Keeping trade flowing post-Brexit: prosperity is co-dependent
25 September 2020: The International Air Transport Association (IATA) is quite clear that the movement of cargo by air relies on open economies. However, it is also facing up to Brexit and conjuring with some huge questions.
“Over 30% of UK exports travel by air,” says Glyn Hughes, IATA’s Global Head of Cargo. “A significant percentage of the cargo that flies by air, will also have a land-based logistics element because the truck network has grown to connect airports.”
It is not just the export of UK manufactured goods that are uppermost in his mind. There are certain import issues that are yet to be resolved, he says. Some of them are niche but they will have massive implications for individuals.
“The UK is considered a very important import location for certain commodities,” says Hughes. “For example, the UK has one of the most advanced certification processes for personalised healthcare. So, if you are in Europe, and you have a particular medical condition, your samples can be flown to Silicon Valley, a personalised treatment programme can be prescribed, this will fly back through the UK because its personalised treatment certification process is one of the most effective and efficient that exists, and it will arrive with the European patient through the UK within 48-72 hours.”
He points out: “Once the UK leaves the EU, that kind of programme can no longer fly through the UK.” This is just one very small but hugely consequential issue that is yet to be resolved.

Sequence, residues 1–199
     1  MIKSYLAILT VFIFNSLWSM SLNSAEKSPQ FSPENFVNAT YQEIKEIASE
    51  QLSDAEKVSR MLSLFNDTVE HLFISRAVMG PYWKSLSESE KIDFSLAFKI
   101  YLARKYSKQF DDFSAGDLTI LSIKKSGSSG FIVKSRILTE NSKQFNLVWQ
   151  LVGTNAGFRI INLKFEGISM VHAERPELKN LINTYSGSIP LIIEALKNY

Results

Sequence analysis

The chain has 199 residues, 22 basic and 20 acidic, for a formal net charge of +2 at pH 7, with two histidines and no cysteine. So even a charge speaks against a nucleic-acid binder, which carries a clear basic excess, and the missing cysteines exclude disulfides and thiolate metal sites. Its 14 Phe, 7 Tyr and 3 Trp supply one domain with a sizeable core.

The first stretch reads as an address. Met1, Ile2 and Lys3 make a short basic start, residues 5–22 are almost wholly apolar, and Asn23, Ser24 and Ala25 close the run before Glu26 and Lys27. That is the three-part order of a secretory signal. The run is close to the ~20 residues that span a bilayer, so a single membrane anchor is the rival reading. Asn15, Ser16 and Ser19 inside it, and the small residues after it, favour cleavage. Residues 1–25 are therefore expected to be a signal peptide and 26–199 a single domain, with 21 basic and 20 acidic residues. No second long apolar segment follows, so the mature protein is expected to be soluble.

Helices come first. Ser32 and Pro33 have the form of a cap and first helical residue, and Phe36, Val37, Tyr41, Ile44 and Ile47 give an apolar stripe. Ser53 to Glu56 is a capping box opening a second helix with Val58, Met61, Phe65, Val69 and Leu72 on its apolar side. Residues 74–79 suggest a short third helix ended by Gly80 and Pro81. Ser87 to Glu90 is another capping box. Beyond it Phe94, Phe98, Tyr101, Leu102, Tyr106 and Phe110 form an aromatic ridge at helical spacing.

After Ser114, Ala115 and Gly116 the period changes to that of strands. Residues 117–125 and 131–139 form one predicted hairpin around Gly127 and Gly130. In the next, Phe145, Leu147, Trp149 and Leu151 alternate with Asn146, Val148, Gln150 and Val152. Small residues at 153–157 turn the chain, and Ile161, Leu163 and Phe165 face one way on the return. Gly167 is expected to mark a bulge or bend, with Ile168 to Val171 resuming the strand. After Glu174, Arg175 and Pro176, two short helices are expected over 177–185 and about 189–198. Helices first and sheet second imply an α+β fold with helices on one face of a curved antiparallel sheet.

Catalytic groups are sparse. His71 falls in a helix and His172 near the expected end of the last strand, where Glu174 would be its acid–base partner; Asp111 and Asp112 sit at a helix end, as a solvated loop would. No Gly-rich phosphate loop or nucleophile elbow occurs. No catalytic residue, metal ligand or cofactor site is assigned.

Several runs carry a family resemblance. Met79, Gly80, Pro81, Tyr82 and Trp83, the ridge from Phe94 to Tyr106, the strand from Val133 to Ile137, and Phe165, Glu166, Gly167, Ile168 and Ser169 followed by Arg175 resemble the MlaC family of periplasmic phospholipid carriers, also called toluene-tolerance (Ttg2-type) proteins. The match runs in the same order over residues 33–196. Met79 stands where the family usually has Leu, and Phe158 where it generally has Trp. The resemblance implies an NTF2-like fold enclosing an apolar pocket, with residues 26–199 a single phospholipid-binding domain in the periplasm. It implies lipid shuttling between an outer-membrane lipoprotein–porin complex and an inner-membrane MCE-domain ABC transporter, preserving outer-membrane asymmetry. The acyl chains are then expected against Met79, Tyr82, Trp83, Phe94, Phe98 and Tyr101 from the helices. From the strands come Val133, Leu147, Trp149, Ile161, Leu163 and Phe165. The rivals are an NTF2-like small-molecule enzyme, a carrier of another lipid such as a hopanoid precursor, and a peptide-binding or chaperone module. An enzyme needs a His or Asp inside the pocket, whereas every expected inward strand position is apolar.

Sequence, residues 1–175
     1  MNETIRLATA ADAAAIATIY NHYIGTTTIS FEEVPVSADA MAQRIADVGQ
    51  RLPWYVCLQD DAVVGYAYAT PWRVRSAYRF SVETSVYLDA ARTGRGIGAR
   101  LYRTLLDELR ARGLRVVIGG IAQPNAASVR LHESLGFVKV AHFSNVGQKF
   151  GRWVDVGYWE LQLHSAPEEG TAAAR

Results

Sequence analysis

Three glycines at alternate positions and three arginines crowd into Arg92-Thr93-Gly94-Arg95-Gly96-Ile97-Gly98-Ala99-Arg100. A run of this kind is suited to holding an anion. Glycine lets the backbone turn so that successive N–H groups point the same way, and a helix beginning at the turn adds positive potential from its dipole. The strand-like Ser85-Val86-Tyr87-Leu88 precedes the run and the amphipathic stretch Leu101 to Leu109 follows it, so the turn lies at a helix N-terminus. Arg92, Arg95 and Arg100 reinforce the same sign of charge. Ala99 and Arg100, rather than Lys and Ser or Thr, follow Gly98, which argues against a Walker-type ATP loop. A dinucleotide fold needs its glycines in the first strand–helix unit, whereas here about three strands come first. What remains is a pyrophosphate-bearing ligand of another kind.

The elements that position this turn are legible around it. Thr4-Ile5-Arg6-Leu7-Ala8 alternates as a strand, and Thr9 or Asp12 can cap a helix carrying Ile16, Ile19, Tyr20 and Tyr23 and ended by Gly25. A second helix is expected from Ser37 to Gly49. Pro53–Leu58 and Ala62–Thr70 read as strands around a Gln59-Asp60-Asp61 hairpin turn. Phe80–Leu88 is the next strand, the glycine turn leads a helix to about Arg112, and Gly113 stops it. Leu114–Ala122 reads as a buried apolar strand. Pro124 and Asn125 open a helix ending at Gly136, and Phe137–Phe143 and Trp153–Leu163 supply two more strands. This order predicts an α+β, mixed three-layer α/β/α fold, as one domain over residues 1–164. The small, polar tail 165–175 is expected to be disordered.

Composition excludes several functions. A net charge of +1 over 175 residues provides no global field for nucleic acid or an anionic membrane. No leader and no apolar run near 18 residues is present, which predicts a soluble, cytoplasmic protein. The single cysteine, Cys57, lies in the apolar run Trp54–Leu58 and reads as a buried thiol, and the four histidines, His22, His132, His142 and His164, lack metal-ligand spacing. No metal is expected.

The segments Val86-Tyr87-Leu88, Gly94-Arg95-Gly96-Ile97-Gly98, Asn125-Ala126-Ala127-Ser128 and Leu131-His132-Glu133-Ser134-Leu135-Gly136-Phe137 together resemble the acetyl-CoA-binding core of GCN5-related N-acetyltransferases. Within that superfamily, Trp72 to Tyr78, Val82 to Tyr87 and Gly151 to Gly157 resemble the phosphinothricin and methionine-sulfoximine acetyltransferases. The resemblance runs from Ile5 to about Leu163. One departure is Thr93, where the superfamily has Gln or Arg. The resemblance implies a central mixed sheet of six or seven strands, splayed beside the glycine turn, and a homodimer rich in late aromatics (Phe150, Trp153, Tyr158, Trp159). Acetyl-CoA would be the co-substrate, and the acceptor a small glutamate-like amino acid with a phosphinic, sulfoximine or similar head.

“What will be the role of the UK as a gateway to Europe?” he asks. “There are about 10,000 trucks that cross between the EU and the UK every day and, in an integrated borderless environment, they flow seamlessly. Even if you have inland borders and the ability to process the documentation of cargo several months after the cargo has arrived, it still makes that process more difficult,” he says.
“It may be that some cargo will not fly into the UK anymore. You may find that some UK factories that rely on European sourced parts will not only have the border complication but also have to bear financial implications. Companies may look to relocate factories which will have a consequential impact.”
IATA has been vocal in its lobbying for the continuation of a single customs union so that, at least, parties to the movement of goods will benefit from an electronic document submissions process that will make post-Brexit information flow manageable.
“There will, no doubt, be an impact on the flow of goods from the economics point of view,” says Hughes. “As the UK becomes more independent and negotiates its own trade agreements, there may be a broader network of trade partners around the world in which case you would need greater ocean and air freight movement activity.” The shape of freight flows will, no doubt, shift hugely if the EU is no longer the UK’s main trading partner.
And let’s not forget that the movement of cargo worldwide is very much an integrated process. It only works if air, sea, road and rail come together in one long funnel, with technology providing the tracking and tracing as well as accountability in terms of security and duties to be paid. “Integrated logistics with all modes of transport working together seamlessly to build the global economic picture, along with open and free borders to the extent that that is possible, is how the global economy is built,” he says.
All this comes at a time, he points out, that SMEs, through technology, can access global markets. Export is a real possibility thanks to ecommerce and web shops as well as both the UK’s and European government’s enthusiasm for entrepreneurship. However, bureaucracy adds cost. Cost diminishes competitiveness, and so a downward spiral can begin. What next?
“We need to keep the conversations going,” says Hughes. “We have to assume that everyone involved has the same objective which is business prosperity, social prosperity and integrated global economic prosperity. It is inconceivable that any one state can prosper alone.”